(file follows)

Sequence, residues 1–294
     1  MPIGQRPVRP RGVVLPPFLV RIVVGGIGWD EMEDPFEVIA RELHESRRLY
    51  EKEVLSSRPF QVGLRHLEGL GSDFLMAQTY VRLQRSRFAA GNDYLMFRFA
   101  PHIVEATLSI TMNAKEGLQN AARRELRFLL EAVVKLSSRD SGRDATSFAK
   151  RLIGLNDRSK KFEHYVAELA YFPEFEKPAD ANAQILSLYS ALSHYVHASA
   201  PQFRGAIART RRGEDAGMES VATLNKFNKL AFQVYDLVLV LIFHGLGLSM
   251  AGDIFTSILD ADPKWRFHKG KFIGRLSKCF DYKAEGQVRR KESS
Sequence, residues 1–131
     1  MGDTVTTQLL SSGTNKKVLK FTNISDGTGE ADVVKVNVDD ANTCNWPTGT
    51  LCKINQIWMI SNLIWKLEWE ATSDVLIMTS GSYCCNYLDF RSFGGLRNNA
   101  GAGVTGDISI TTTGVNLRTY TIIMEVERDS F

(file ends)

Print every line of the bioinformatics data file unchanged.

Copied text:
Sequence, residues 1–294
     1  MPIGQRPVRP RGVVLPPFLV RIVVGGIGWD EMEDPFEVIA RELHESRRLY
    51  EKEVLSSRPF QVGLRHLEGL GSDFLMAQTY VRLQRSRFAA GNDYLMFRFA
   101  PHIVEATLSI TMNAKEGLQN AARRELRFLL EAVVKLSSRD SGRDATSFAK
   151  RLIGLNDRSK KFEHYVAELA YFPEFEKPAD ANAQILSLYS ALSHYVHASA
   201  PQFRGAIART RRGEDAGMES VATLNKFNKL AFQVYDLVLV LIFHGLGLSM
   251  AGDIFTSILD ADPKWRFHKG KFIGRLSKCF DYKAEGQVRR KESS
Sequence, residues 1–131
     1  MGDTVTTQLL SSGTNKKVLK FTNISDGTGE ADVVKVNVDD ANTCNWPTGT
    51  LCKINQIWMI SNLIWKLEWE ATSDVLIMTS GSYCCNYLDF RSFGGLRNNA
   101  GAGVTGDISI TTTGVNLRTY TIIMEVERDS F